It is widely believed that Satoshi Nakamoto is the inventor of an encryption technique called “blockchain.” I just read a new book by Sarah Westall titled “FIRST: Meet the Inventor of Blockchain” that credits Dr Kelce Wilson as the true inventor of blockchain, a concept he developed between 2000 and 2001 while serving in the Air Force. Kelce’s concept was to use blockchain as a method to guarantee the authenticity and integrity of legal documents such as contracts and wills. He patented his concept in April 2008, and the patent was granted in May 2008.
Satoshi Nakamoto is not a real person, but an identity used by the person or persons who developed the Bitcoin implementation of blockchain. Nakamoto claims to have begun work on the code in 2007, and presented a paper in October 2008, and released version 1 on Sourceforge in January 2009.
Blockchain has some exciting new uses in privacy, authenticity, and integrity of digital information and communications.
- Ninety percent of major North American and European banks are exploring blockchain: 90%.
- Estimated value of the global blockchain market is expected to be $20 billion by 2024.
- IBM has over 400 blockchain projects currently in development.
Uses for blockchain include:
- Secure, anonymous crypto-currency payment systems such as BitCoin and Etherium.
- Digitally verifiable contracts and legal documents.
- Secure international currency transactions between banks.
- Credit card transactions
- Proof of identity, digital identification and digital signatures.
- Creating digital assets such as stock, bonds, real estate titles.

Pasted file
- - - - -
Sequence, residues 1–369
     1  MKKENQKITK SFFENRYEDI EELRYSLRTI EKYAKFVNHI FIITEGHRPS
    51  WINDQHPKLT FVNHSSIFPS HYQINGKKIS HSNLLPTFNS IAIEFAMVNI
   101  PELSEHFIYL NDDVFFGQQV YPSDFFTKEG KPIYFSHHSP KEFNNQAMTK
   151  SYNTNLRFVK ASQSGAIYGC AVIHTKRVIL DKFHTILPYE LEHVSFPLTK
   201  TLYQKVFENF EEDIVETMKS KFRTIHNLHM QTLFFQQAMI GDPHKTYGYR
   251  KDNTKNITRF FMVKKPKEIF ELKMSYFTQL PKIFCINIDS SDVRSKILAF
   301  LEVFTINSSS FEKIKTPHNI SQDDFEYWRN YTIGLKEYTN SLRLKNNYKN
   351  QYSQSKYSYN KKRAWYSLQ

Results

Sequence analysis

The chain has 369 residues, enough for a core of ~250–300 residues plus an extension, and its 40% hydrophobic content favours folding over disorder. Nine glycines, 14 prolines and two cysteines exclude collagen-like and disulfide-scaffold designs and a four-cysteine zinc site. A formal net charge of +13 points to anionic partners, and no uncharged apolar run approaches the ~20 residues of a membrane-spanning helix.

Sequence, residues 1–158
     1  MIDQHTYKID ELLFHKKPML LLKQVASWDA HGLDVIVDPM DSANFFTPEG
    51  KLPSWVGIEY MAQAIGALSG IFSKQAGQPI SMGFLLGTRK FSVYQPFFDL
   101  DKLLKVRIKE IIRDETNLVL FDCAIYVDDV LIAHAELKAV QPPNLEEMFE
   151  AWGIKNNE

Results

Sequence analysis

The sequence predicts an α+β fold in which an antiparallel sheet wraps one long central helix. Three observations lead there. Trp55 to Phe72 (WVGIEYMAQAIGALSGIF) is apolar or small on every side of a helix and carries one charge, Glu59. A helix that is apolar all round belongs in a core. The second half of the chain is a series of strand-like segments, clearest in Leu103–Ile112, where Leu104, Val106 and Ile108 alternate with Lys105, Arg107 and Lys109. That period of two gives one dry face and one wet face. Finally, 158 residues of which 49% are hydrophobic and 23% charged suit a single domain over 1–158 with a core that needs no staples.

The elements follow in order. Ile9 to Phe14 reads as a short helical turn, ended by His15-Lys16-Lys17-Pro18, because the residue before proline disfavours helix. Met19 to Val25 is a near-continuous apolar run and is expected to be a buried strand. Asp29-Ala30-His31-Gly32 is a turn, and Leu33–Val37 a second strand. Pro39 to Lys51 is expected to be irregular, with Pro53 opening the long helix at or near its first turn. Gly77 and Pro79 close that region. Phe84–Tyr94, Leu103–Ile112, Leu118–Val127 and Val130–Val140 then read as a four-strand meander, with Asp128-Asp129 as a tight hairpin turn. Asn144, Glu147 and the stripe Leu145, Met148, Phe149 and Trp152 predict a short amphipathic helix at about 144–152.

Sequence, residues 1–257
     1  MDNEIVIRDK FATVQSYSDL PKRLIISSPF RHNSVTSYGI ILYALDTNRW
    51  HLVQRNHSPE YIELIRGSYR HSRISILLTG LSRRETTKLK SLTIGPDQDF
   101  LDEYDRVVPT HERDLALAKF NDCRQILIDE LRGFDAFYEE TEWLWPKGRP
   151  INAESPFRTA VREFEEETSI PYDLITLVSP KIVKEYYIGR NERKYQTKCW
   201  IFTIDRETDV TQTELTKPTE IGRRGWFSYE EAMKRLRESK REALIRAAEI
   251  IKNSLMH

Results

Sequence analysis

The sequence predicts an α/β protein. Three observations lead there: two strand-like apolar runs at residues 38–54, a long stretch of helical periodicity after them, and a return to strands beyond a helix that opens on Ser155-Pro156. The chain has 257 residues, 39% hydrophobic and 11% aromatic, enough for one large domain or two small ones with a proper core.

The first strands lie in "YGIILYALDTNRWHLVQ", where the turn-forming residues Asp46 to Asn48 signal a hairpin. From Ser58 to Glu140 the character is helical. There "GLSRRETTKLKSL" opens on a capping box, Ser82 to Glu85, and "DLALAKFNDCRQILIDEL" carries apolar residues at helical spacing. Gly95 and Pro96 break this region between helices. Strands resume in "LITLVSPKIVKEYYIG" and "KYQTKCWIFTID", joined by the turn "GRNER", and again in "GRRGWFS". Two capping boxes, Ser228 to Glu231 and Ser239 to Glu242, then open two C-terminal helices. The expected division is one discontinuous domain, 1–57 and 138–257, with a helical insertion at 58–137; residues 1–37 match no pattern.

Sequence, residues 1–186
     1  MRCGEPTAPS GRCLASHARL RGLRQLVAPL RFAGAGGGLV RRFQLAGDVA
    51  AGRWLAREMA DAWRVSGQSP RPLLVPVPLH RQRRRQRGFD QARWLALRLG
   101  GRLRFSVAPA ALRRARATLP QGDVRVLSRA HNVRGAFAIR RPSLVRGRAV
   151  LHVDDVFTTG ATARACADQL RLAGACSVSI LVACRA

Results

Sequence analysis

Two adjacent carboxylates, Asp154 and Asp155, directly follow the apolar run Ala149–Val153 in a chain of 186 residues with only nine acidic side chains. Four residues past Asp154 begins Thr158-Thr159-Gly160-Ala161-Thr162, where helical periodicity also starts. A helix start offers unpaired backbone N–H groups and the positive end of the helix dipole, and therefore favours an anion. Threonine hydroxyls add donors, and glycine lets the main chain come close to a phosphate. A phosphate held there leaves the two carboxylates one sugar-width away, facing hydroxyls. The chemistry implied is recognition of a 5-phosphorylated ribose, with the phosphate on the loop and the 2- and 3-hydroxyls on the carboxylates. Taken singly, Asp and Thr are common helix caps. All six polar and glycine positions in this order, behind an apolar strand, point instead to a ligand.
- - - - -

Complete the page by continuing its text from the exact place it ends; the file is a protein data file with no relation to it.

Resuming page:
- Airline and retail rewards programs.
- Verification of data integrity including uses in web sites.
It seems that when a new idea is ready to be born, it turns up a roughly the same time in several places. Many times the person who gets the credit depends on who has the best publicist. This is not the first time in the history of invention, computing or encryption that the wrong person was credited with the original idea. There is of course the famous case of Alexander Graham Bell and Elisha Gray, who both submitted patents for the telephone on the same day only hours apart. Ron Revere, Adi Shamir, and Leonard Adelman have been credited with inventing the first public-key encryption system in 1978, but in truth, it had been invented by English mathmetician Clifford Cocks in 1973, while work for the British intelligence agency GCHQ. The encryption system remained a classified secret of the English government until 1997, when it was finally declassified.
So the case between who ultimately gets credit for blockchain may ultimately be settled by the publication of books such as Sarah Westall’s. The book starts with an introduction of blockchain, and Dr Wilson, then follows with a timeline of the events around the development of blockchain. Then there is an interview transcript from her web radio show, Business Game Changers. What follows is a series of proofs including patent dates, a comparison of BitCoin to PEDDaL (see diagram), a discussion of Blockchain architecture and design choices, Dr Wilson’s patent portfolio, and a quick biography.
If you are interested in blockchain, or engaged in a blockchain development project, this would be a great and quick read (191 pages). You can listen to the Dr Wilson interview on Business Game Changers.